I think we'll see a lot of churn in the market as the major capital pools offload their inventory of stocks they don't feel are well positioned for the central bank tightening and higher interest rates to come. At some point, possibly in September or October, the Fed will shut down their money printing exercise so as to not impact the election results on November 2. That 'de facto tightening' plus the increased selling and lack of new buyers would likely cause a significant sell-off. My crystal ball is flashing S&P 950 and then 880, still.

You see, I don't think the bad loans held by investors [[banks?: normxxx]] have been written down to the extent needed to bring risk in line with the extremely low interest rates set by central bankers and bond yields set by the market. [[HELOCs— which are now almost all worthless— have hardly been written off at all!: normxxx]] Moreover, I think equity prices are too high relative to prospects a year out for sustainable profitability; hence current prices, in my mind, exceed 'fair value'.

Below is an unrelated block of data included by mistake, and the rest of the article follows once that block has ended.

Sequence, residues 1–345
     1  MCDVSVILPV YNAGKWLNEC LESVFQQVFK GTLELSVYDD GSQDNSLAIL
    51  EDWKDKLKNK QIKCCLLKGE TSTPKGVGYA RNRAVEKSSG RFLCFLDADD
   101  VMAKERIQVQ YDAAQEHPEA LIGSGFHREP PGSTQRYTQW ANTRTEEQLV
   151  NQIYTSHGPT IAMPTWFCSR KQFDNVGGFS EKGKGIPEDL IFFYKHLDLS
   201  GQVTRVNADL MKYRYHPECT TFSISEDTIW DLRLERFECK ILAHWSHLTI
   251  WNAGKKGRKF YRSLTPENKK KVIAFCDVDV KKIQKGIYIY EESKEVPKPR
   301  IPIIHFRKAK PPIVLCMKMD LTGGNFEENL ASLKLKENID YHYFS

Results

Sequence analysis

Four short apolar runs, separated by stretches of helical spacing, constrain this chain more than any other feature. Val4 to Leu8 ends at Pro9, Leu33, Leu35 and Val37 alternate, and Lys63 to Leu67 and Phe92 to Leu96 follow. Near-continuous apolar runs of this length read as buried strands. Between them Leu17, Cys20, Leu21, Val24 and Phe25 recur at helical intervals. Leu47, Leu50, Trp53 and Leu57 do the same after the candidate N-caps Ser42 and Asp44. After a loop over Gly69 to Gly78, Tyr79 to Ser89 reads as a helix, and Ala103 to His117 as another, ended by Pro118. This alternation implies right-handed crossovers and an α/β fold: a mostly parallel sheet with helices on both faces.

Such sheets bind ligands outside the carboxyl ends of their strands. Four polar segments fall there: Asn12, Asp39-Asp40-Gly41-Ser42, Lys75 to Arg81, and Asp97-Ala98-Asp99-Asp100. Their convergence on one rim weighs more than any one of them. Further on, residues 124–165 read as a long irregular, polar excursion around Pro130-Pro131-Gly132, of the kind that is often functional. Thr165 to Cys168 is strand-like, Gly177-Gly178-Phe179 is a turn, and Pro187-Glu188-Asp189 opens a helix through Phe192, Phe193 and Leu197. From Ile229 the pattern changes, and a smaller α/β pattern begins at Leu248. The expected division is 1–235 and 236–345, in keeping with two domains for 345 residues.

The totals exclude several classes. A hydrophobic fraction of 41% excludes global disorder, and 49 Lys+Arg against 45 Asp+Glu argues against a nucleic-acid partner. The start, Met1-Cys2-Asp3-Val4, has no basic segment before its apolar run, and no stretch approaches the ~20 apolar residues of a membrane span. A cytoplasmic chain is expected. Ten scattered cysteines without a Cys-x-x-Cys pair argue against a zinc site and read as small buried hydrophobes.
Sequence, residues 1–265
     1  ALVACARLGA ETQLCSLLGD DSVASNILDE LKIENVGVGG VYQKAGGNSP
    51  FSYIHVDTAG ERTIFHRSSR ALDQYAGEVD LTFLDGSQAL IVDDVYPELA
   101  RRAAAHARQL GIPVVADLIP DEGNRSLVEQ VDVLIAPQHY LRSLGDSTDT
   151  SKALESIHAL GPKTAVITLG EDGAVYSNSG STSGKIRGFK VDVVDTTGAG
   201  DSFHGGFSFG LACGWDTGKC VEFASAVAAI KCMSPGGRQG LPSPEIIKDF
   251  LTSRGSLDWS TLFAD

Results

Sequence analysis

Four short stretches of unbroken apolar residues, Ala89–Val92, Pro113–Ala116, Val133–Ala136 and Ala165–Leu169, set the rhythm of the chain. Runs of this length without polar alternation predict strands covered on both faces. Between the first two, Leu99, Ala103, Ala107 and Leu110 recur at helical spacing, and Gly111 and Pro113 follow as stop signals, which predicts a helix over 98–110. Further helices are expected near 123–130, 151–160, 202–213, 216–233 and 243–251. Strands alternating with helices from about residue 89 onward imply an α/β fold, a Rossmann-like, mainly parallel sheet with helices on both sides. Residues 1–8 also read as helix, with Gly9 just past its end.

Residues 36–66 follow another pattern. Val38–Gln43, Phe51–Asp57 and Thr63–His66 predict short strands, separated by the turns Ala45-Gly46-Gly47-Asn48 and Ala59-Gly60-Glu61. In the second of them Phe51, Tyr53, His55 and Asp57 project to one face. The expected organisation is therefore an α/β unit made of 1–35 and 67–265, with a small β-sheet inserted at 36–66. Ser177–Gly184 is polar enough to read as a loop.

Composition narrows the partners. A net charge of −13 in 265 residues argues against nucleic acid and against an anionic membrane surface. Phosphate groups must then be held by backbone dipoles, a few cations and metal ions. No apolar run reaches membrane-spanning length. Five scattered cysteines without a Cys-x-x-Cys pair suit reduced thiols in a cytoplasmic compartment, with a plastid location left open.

But here's the second part of the story. As and when 'normal' trading volumes return to capital markets, I think these factors will return to balance, and the equity market will have returned to its status as a functional price discovery mechanism. Then the market will be ready for a very significant Bull phase. [[Which could mean a very significant rise from the October/November low to a peak early next year followed, perhaps, by another downdraft in April-May-June.: normxxx]]

We're not there yet. The process of deleveraging is probably not yet complete, as I see it. Lower equity prices and higher bond yields are required to set it up. Either that or else we'll soon see more inflation in equity and commodity prices, which will lead to economic stagflation, which would not be a good thing for the higher levels of employment and spending needed to sustain satisfactory economic growth plus that Bull market I foresee.

M O R E. . .